Some organizations, it seems, are merely trying to keep up with cultural trends.
Consider Tucson, Arizona, where diversity is not a buzzy talking point but an everyday reality. With a population that is 44 percent Hispanic, 43 percent white, and only 4.6 percent black, the city has had no major racial incidents in decades. Yet like hundreds of others communities, Tucson suddenly decided in direct response to the Floyd murder 1,600 miles away that it needed an office of equity.
To many observers, it seemed that the city was just “getting jiggy with it,” pretending to solve a problem that didn’t exist. After a two-year search, it hired Laurice Walker, the youngest chief equity officer in the country, at age 28, with a salary of $145,000 — nearly three and a half times what Tucson’s mayor, Regina Romero, earns.
Not that the mayor is complaining. “I think this position is about putting an equity lens into all that we do,” Romero said in May, by which she means — well, nobody is quite sure what “equity” means, particularly with respect to federal legislation clearly prohibiting positive and negative discrimination alike.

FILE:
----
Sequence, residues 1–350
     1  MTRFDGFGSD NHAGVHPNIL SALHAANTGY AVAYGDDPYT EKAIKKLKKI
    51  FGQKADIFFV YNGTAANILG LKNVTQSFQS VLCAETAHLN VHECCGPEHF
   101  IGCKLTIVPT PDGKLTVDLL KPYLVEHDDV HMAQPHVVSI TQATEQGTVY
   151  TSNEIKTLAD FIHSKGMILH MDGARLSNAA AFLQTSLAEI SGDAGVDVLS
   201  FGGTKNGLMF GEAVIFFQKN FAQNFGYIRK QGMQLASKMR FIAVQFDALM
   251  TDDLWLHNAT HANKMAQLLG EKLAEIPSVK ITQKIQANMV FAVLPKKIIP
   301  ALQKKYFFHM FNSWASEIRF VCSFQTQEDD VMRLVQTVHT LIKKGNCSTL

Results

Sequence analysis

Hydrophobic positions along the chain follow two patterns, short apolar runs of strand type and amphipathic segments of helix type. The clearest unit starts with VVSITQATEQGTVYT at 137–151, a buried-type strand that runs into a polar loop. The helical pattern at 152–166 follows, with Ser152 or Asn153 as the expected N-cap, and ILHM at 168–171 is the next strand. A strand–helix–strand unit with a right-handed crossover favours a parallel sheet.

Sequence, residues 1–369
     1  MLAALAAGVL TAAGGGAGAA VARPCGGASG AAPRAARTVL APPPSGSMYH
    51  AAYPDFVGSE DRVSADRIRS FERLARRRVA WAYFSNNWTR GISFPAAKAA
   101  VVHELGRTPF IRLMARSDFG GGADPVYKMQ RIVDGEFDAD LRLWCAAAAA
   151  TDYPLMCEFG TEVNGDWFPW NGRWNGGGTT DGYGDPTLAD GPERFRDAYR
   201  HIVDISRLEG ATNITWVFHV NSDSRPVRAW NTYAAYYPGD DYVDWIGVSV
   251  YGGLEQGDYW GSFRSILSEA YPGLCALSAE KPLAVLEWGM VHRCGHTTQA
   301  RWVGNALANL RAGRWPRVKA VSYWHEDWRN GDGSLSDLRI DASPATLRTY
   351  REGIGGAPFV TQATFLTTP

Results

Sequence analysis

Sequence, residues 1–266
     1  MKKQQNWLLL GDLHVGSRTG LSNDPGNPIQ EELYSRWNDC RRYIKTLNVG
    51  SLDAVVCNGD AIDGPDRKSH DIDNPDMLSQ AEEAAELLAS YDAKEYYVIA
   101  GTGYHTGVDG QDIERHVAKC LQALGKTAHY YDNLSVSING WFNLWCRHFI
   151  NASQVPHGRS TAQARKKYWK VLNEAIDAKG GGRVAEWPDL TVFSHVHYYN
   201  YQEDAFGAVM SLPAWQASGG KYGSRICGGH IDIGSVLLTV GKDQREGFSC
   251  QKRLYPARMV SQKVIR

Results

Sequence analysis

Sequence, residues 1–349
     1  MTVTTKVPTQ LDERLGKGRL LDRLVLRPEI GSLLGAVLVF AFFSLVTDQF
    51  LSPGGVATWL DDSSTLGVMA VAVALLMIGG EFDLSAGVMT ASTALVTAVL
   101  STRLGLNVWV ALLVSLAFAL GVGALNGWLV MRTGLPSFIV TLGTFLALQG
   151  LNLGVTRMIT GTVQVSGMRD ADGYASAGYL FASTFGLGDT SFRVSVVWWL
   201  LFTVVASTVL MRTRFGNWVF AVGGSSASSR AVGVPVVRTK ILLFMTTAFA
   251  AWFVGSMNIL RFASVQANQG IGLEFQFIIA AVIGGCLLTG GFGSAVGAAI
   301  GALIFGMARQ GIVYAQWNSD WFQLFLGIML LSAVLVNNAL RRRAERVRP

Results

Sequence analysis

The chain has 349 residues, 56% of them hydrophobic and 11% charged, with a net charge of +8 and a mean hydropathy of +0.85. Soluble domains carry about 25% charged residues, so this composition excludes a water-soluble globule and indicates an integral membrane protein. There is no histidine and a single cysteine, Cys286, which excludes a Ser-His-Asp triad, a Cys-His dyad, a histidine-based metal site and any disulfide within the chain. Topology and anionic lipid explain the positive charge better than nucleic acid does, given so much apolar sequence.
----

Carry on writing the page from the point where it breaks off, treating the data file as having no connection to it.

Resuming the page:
But trying to get out in front of the DEI train can also result in getting run over by it.
When the city council of Asheville, North Carolina, hired Kimberlee Archie as its first equity and inclusion manager, its members probably didn’t anticipate being accused of having a “white supremacy culture.” After all, city manager Debra Campbell is black, as are three of the seven women making up the city council. The council had cut police funding and unanimously approved a reparations resolution.